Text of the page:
Two years on, “people are still dying,” says Brumadinho dam collapse victim

Without reparations, Vale’s victims fight against emotional ailments and fear not being alive when settlement is paid

January 27, 2021 by Brasil de Fato
Those affected speak of the ongoing effects of the disaster, two years on. Photo: MAB/Divulgação

The rupture of the Córrego do Feijão Dam in the town of Brumadinho in the state of Minas Gerais occurred two years ago on January 25th, 2019, yet according to one of the victims of the crime Joêlisia Feitosa, the population in the region continues to suffer serious impacts. According to the Feitosa surviving residents have yet to be paid reparations and have been deeply shaken by the crime. Today many struggle with depression, anxiety and suicide attempts.

“People continue to die daily. People who are not even part of the statistics, but who die of various diseases caused directly and indirectly by Vale’s crime, people who feel it in their skin, who die of depression, many attempts to take one’s own life and many diseases caused by sadness, people had their dignity shaken,” she says.

In addition to emotional problems, there is also a lack of natural resources: water and food became scarce in the region after the mining waste leaked. Joêlisia says she is afraid that families will not survive until a court settlement is handed down.

“Our fear is that there will be no recourse for our survival, our guarantee of having food on the table, daily, until the legal decision comes, so that we will be able to stay alive, stand up, stay in the fight. We don’t see much of an alternative but to continue this fight. Meanwhile, Vale is taking advantage of our vulnerabilities and is gaining ground. We cannot be discouraged in any way,” she declares.

Still no indemnity from Vale

Joêlisia Feitosa calls for the Justice department to respond to the families and for Vale to pay the indemnity stipulated by the State, to the tune of R$ 54 million. “We want the dignity that has been taken from us back. We don’t want alms, we don’t want pity. We want dignity and justice. And justice is only found through struggle and organization,” she affirms.

For Juan Pablo, a coordinator of the Movement of Those Affected by Dams (MAR), an international collective of people affected by mining enterprises, the attempts at individualized agreements that Vale has been making in order not to pay the entire indemnity amount, are aimed at perpetuating violations.

“The proposal for a global agreement that Vale is making is nothing more than a strategy to perpetuate their violations of human rights,” he says.

Juan regrets that the Brazilian courts are complicit with the company. “Vale is a criminal company. Today, with a heavy heart, we are thinking that it is not just Vale. It is the Judiciary, it is the State that is abetting Vale’s internal strategy,” he points out.

No drinking water

Joceli Andreoli, from the national coordination of the Movement of People Affected by Dams (MAB), also highlights the serious situation families are in. “The situation of the affected families is a very serious one, very critical at the moment. Many families are without drinking water, the water is contaminated, families are experiencing chaos in terms of agriculture and fishing. There are many families that depended on the Paraupeba River,” he details.

He says that he fears new crimes similar to those in Brumadinho and Mariana will occur. “We are very concerned, because in Brazil, not enough measures were taken to prevent new crimes from happening. The company goes unpunished, gets away with not fully repaying those affected and therefore, the poorest people foot the bill.”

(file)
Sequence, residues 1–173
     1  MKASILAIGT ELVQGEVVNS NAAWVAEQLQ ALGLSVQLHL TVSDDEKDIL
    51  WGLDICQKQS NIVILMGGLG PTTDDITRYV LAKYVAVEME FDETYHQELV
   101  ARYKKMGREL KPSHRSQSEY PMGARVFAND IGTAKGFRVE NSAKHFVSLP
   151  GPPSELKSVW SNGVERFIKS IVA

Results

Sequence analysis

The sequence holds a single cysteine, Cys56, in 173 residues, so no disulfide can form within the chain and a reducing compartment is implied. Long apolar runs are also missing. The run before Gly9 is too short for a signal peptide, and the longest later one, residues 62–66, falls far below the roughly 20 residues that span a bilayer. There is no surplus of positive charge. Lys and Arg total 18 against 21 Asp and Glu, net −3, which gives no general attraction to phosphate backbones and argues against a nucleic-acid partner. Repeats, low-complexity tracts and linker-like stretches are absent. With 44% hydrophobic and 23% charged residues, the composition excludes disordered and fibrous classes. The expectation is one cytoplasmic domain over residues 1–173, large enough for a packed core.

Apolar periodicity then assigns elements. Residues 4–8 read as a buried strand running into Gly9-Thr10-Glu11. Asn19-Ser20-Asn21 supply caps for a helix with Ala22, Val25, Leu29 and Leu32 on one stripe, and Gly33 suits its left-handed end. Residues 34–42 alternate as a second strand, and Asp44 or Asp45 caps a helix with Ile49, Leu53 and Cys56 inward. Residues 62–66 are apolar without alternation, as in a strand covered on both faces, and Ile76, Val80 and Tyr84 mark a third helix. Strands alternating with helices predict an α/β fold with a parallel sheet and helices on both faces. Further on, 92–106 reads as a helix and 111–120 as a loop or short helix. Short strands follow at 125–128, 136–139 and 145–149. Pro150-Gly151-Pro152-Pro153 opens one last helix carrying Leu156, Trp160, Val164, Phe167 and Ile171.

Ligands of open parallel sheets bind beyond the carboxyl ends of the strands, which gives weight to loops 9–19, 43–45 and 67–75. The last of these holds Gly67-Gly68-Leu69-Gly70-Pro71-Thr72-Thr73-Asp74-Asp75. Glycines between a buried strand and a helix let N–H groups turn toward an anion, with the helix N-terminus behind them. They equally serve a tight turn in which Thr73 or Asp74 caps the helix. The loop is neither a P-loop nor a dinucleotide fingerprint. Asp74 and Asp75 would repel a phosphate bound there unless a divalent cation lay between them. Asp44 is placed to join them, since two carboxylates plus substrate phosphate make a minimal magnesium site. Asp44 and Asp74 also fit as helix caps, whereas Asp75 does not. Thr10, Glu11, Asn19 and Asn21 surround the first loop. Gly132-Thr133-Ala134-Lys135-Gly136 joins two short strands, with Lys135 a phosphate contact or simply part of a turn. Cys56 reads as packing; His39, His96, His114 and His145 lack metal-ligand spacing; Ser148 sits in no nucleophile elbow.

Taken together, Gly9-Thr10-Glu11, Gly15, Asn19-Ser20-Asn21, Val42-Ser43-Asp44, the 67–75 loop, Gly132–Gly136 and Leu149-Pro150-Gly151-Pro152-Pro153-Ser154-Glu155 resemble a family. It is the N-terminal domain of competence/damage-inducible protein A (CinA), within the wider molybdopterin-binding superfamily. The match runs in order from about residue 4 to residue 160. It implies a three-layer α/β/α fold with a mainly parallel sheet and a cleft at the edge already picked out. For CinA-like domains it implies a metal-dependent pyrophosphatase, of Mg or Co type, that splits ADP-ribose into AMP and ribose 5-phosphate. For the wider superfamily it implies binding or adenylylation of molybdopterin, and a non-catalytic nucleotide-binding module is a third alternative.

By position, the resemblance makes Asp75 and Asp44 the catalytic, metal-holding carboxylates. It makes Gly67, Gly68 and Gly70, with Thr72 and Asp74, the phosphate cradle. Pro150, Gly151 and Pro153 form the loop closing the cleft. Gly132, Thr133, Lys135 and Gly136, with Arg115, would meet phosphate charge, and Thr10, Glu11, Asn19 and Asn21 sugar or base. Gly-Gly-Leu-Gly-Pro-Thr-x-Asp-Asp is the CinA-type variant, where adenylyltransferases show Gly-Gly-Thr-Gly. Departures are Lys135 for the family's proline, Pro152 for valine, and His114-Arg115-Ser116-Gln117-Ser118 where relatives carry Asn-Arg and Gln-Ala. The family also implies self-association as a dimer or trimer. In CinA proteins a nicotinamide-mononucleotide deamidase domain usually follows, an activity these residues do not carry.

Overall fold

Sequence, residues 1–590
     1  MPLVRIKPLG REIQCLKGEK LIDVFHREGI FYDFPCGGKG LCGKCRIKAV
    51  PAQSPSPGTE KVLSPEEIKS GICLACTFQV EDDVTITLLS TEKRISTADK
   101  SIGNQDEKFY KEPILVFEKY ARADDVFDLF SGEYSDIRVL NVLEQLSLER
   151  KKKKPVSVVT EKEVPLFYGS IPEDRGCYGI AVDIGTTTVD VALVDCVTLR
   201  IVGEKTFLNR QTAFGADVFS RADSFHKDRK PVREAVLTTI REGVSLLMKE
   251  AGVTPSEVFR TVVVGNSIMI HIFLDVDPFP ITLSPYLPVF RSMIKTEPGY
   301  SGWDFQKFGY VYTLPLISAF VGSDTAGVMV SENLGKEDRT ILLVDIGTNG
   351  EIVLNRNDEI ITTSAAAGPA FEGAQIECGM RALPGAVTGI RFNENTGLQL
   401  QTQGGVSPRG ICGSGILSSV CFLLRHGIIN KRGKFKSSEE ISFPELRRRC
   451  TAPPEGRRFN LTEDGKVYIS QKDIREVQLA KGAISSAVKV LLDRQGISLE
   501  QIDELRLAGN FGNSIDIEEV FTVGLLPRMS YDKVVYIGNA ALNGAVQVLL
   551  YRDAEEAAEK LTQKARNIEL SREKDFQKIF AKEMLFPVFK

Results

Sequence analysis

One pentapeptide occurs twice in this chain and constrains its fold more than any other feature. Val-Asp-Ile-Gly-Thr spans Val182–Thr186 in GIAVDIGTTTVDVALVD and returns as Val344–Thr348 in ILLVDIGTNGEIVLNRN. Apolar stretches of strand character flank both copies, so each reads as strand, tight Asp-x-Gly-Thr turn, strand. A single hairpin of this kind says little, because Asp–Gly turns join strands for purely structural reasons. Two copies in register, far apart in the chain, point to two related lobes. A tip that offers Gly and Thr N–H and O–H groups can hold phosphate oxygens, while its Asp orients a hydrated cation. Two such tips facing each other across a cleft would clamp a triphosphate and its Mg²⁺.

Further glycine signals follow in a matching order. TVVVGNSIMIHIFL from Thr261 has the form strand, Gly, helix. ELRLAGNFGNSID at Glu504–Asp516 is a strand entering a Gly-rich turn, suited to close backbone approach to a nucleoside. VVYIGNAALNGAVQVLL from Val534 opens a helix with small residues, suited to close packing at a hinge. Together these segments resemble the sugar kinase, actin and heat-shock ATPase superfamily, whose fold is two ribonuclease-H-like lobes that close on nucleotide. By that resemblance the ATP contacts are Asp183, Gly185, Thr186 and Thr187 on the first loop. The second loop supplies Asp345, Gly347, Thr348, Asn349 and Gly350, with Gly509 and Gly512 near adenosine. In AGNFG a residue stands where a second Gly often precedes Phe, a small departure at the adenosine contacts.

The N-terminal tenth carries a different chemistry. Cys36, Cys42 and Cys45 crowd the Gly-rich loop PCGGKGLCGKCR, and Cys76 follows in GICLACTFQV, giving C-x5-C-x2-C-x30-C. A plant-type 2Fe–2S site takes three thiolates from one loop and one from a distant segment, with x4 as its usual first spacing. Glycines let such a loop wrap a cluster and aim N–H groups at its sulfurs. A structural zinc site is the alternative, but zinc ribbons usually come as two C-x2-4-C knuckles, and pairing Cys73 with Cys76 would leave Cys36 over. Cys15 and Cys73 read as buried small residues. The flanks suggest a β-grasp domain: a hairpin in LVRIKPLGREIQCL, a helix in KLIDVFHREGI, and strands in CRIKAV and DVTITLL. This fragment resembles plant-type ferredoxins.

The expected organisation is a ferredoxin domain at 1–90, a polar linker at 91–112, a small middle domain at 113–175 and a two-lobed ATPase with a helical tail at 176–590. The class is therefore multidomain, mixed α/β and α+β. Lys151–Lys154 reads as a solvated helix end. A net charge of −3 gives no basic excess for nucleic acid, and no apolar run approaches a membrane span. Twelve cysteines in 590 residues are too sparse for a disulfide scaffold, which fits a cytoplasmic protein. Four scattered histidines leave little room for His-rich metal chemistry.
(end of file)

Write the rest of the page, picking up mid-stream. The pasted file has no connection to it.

What Vale says

In a press release, Vale claims to be “fully committed to repairing the affected and impacted communities.” According to the company, there is a “constructive dialogue with the Government of Minas Gerais and the institutions of Justice” for a possible agreement with the affected populations.

The company talks about “repairing the damage caused in a fair and agile way” and says it is prioritizing initiatives and resources for this purpose.

Regarding the agreements, the company says that it is “committed to indemnify, fairly and quickly all those impacted.” According to the company’s statement, more than R$ 2 billion in damages have already been paid through 3,800 agreements.

“Since the first hours after the rupture, two years ago, the company has taken care of the impacted families, providing assistance to restore their dignity, well-being and livelihoods. In addition to meeting the most immediate needs of the regions and people affected, we also work to deliver projects that promote lasting changes to recover communities and benefit the population effectively. Repairing the damage caused in a fair and agile manner is fundamental, and Vale has prioritized initiatives and resources for this purpose,” says the corporation.

For people affected psychologically and emotionally, the company says it offers a comprehensive assistance program. “To all indemnified people, the company also offers the Comprehensive Assistance Program for the Affected, which offers psychological support, financial education, tips for purchasing properties and for the resumption of agricultural production. This allows families to plan for the future in the face of new economic and socio-environmental conditions. More than 3 thousand people have already joined the program, which is voluntary and free.”

Finally, Vale denies that residents are lacking water. The company guarantees that it sends tanker trucks to the region daily. “There are 55 water trucks that travel, on average, a total of 11 thousand kilometers a day, bringing water to people and for the maintenance productive activities (animal feed and irrigation), in addition to the distribution of bales of mineral water for domestic use.”

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